If you have 5000 pages in a report, it's not a report. No one will look through 5000 pages, and in fact 100 pages is considered excessive.
Make a condensed report, like a table of contents with summary totals, and use it as a navigation tool so you can click on a summary item and load up the details in a Detail report that takes some values like a customer_id as a parameter.
- No one will ever wait for your report to load
- When was the last time you read a 5000 page "report" lol... you might as well give them the raw table in a zip file.
- Memory restrictions in ASP.Net (2GB for 32Bit systems). Avoid "Out Of Memory" Errors.
- This will never EVER be able to be used in an email as an attachment. It's gonna be way over typical max of 10MB once exported.
- I've made over 120 Reports in SSRS, I've been there and done that so I'm telling you from experience so you avoid even more problems in the future. I've gone as far as to completely write my own report server UI replacement with a graphical tree structure and tons of extra buttons and features as well as my own command line report server with proper logging so we can verify when emails don't go out and why, and re-direct scheduled emails with bogus email addresses etc...
- Add proper sql indexes, something is not right if it's taking 10 Mins.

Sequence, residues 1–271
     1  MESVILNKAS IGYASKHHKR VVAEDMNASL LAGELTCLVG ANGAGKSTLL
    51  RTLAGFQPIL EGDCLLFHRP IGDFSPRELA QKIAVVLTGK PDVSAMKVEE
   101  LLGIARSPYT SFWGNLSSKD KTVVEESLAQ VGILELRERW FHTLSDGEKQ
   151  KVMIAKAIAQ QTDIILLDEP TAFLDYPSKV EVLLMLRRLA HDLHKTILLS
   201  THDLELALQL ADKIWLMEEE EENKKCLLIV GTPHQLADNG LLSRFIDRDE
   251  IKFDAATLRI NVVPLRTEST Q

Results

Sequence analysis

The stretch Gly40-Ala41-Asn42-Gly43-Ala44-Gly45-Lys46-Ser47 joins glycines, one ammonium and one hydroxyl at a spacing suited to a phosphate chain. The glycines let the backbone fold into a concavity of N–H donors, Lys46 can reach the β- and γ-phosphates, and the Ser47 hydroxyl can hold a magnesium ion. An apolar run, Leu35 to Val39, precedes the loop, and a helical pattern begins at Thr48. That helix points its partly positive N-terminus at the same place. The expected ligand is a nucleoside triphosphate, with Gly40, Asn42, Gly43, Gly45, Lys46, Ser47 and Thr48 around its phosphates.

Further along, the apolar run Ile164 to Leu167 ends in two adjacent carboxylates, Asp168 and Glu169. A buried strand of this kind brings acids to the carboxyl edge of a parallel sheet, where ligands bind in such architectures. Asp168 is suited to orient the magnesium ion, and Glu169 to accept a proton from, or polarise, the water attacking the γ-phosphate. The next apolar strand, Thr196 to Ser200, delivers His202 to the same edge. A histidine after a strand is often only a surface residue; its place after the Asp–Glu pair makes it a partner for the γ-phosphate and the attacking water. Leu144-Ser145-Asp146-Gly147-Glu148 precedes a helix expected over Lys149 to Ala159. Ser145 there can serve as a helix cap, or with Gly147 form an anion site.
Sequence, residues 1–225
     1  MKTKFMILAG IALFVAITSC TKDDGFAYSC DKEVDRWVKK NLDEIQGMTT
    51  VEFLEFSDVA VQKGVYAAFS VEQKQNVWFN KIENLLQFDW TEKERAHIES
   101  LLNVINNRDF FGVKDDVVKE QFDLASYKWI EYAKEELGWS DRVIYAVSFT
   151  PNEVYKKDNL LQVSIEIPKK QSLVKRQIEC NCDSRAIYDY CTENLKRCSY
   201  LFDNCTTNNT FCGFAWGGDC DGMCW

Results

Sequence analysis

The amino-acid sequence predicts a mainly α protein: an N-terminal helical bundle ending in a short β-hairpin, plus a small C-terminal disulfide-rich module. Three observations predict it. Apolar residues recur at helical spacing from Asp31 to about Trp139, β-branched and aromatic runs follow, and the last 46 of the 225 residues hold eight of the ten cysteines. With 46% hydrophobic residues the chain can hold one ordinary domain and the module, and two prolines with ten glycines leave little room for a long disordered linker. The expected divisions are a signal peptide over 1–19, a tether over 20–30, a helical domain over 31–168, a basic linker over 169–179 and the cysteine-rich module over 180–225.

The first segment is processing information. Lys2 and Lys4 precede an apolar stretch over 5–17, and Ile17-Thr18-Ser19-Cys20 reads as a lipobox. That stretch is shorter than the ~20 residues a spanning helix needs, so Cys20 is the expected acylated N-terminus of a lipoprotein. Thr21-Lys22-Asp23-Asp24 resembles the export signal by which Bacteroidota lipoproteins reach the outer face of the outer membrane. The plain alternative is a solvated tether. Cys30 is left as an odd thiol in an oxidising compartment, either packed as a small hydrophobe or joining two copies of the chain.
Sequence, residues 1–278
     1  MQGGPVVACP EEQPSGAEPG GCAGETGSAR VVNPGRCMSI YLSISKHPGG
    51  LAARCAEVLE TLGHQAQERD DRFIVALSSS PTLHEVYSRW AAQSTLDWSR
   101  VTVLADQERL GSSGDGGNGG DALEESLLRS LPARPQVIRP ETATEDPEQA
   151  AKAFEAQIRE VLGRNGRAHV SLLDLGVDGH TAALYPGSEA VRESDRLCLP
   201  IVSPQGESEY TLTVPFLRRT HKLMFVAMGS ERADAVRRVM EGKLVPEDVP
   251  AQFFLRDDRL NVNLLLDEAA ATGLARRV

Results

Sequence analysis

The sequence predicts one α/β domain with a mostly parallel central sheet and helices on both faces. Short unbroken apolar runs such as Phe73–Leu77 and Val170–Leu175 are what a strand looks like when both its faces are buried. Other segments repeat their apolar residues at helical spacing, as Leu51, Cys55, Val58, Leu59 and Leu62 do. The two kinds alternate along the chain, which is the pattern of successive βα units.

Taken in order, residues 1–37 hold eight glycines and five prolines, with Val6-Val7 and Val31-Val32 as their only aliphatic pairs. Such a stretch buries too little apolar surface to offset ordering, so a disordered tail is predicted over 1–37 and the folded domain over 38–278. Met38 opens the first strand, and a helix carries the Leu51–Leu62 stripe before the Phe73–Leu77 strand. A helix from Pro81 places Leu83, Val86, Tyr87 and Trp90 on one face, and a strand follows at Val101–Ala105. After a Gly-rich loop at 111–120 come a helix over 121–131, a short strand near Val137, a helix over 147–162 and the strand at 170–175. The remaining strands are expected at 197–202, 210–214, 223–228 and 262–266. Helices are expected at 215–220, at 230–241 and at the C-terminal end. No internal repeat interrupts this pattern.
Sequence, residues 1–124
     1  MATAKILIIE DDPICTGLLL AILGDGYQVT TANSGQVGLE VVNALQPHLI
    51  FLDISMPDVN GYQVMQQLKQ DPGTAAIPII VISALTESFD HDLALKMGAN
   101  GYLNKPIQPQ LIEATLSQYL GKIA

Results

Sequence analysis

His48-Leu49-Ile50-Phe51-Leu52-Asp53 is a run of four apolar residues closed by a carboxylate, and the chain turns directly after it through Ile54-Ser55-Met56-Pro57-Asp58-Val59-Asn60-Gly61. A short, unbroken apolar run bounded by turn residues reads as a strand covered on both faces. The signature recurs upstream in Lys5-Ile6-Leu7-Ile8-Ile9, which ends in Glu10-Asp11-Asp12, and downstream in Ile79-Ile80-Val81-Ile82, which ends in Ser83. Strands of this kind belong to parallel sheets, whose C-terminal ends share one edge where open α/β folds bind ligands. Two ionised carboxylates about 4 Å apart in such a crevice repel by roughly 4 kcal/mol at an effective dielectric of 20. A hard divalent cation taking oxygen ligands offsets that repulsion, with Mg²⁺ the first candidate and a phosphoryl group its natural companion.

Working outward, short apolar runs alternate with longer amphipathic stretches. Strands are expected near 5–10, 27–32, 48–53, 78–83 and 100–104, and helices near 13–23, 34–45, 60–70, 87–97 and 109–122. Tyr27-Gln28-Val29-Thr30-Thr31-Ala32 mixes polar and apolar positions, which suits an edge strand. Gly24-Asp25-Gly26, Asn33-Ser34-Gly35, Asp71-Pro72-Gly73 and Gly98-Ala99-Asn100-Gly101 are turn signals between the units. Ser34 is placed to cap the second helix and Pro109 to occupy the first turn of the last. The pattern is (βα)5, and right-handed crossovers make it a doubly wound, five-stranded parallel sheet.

All Customers: $5,000
SubReport (getting the cust_id parameter passed to it):
Customer 1 $1000
Note: When I say "SubReport" I don't mean the one in the toolbox. I mean a separate report that takes customer_id as a parameter and a "Navigation Link" from some textbox in the Main Report that's passing the current customer into the subreport's parameter.
What you should really be doing instead of doing what your boss tells you is cutting to the chase and asking WHAT he really needs answered. Obviously someone is looking through something to find a particular answer, he's not realizing the computer can do this FOR HIM. So he wants to feel all warm and fuzzy printing pages all day. It's always better to make a few specialized reports to answer specific questions for people from specific departments etc... instead of a one size fits all. This avoid people telling you later on to add or remove a column, then the other guy coming back and complaining endlessly.
Inventory is a good example of this. Salesmen need and inventory with quantities and detailed listings, Financial auditors need dollar values and the age of the items in a condensed form.